A Southampton, England tribunal has found Sting and his wife Trudie Styler guilty of "shameful conduct" when they fired former chef Jane Martin while she was pregnant.
Martin's GBP28,000 ($56,000) a year job with the Sting, real name Gordon Sumner, and Styler was terminated in April 2006 after eight years of service.
A tribunal has ruled the couple had unfairly dismissed Martin and that she had been the victim of sexual discrimination.
The tribunal heard in March (07) how Styler created an "climate of fear" over her staff.
Martin claimed she was forced to work 14 hour days while pregnant and Styler was not sympathetic when she experienced sickness early in her pregnancy.
Styler was alleged to have raged, "Who the f**k does she think she is? She's my chef in the UK. She needs to be available if I need her, or she should rethink her position," when Martin fell ill with stomach trouble.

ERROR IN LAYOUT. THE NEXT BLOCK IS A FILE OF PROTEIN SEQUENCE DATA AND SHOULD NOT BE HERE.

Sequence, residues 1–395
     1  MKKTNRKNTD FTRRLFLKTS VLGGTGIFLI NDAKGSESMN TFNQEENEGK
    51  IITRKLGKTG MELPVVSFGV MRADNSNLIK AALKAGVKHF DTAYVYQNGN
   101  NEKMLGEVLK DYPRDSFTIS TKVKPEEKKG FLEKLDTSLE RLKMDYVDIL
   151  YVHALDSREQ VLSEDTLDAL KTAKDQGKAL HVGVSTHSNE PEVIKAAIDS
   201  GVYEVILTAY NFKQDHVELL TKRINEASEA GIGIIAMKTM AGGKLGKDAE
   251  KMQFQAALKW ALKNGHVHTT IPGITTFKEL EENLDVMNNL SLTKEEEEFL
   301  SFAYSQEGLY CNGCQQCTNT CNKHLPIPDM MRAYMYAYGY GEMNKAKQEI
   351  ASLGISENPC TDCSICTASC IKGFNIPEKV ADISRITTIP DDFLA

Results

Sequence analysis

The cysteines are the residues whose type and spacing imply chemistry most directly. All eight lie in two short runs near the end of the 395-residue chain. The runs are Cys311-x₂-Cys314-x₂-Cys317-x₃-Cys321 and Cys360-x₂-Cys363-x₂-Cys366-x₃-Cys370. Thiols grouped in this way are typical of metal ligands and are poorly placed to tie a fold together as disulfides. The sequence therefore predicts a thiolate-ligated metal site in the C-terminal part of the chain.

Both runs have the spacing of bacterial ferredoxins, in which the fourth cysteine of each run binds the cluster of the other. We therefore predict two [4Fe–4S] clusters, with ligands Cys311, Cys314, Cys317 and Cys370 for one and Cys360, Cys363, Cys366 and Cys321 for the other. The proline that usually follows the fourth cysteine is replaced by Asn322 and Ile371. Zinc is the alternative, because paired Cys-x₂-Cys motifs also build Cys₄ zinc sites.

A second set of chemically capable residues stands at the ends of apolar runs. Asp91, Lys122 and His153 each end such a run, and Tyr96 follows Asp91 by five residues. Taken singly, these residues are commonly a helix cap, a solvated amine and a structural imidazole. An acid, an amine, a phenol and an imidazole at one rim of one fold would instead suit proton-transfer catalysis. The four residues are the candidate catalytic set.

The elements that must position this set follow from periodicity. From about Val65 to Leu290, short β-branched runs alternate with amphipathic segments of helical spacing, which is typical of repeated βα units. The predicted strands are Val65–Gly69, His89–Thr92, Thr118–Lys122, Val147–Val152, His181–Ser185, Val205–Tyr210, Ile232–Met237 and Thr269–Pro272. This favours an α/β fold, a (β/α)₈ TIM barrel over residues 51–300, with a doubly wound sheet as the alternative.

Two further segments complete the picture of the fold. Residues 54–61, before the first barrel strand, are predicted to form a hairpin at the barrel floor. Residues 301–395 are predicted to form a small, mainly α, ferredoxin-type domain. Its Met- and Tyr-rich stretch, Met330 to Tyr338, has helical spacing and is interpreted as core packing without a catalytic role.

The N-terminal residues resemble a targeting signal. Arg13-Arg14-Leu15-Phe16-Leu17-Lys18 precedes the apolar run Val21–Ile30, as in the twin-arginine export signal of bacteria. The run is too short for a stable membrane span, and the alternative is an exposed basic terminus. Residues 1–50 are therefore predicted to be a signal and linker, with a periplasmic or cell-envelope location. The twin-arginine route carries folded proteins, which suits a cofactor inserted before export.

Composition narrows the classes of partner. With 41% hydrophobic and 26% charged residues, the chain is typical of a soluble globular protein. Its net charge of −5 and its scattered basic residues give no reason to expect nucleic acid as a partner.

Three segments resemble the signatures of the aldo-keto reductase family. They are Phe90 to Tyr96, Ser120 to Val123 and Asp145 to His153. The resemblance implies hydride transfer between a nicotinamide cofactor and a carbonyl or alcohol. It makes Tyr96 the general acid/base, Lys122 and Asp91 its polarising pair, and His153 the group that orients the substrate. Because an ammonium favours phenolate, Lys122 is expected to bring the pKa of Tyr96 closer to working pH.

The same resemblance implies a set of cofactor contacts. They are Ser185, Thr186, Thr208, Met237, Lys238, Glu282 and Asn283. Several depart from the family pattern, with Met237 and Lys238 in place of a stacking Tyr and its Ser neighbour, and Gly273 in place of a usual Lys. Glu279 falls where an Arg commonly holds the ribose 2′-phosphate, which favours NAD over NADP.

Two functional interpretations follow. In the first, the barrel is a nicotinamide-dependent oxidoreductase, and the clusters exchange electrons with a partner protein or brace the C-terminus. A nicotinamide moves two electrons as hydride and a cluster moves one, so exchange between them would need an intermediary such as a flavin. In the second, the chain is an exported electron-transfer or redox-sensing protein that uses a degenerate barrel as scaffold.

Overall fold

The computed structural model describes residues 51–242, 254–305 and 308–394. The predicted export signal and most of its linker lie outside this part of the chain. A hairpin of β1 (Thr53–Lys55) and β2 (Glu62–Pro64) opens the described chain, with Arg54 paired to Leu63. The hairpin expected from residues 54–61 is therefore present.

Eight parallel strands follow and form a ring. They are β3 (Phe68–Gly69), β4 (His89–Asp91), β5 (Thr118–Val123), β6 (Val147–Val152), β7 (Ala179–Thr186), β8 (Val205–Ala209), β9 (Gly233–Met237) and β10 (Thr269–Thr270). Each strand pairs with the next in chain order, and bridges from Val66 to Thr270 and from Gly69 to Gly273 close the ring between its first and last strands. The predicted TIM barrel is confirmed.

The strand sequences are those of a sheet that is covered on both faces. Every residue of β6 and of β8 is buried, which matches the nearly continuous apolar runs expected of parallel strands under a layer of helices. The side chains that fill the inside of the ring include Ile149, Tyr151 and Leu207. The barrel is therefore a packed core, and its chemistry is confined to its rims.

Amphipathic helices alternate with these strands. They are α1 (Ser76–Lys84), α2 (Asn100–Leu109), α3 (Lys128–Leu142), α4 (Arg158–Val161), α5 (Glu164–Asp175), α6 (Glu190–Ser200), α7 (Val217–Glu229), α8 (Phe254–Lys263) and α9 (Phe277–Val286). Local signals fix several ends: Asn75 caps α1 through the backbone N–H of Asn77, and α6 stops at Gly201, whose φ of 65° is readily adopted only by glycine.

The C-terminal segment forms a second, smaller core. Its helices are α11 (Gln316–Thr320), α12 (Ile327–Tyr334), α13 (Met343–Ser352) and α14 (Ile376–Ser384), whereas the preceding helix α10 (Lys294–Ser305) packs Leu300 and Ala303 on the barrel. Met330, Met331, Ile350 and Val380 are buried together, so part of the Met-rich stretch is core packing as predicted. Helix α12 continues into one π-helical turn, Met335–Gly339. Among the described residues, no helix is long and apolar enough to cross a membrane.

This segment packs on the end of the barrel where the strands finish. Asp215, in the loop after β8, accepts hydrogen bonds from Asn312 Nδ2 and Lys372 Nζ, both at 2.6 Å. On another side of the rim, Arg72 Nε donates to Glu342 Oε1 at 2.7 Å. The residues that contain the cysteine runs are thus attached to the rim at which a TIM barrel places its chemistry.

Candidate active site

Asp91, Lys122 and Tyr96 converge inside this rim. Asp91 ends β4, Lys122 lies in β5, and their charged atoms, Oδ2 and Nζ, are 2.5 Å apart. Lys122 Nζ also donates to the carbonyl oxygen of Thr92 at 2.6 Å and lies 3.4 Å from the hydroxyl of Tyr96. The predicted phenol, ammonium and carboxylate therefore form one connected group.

The tribunal ruling said, "(Martin's departure) was so badly mishandled and conducted in such an incompetent manner that the true purpose shines through the subterfuge and calumnious actions seeking to suppress the true facts.
"Although Mrs Sumner (Styler) tried to distance herself from the various unlawful acts and have them carried out by minions on her behalf, when the evidence is looked at holistically, her involvement is clear.
"She is without doubt the driving force manipulating others to perform her 'dirty work'. The position is aggravated by her lack of courage either to face the claimant direct and inform her she was no longer required or attend the tribunal to give evidence and have her machinations exposed to the light of day through cross-examination."
The singer and his producer/actress wife must pay compensation to Martin. The amount will be determined at a hearing next month (08Jun07).
Styler has released a statement, saying, "I am devastated by this decision and I will appeal... I wholly reject the tribunal's findings on this issue. Sting and I have been lucky over many years to have worked with loyal and long serving colleagues and staff.
"Their collective loyalty and long service suggests that the picture of our household which Jane painted, and which the tribunal appears to have accepted, is a travesty."
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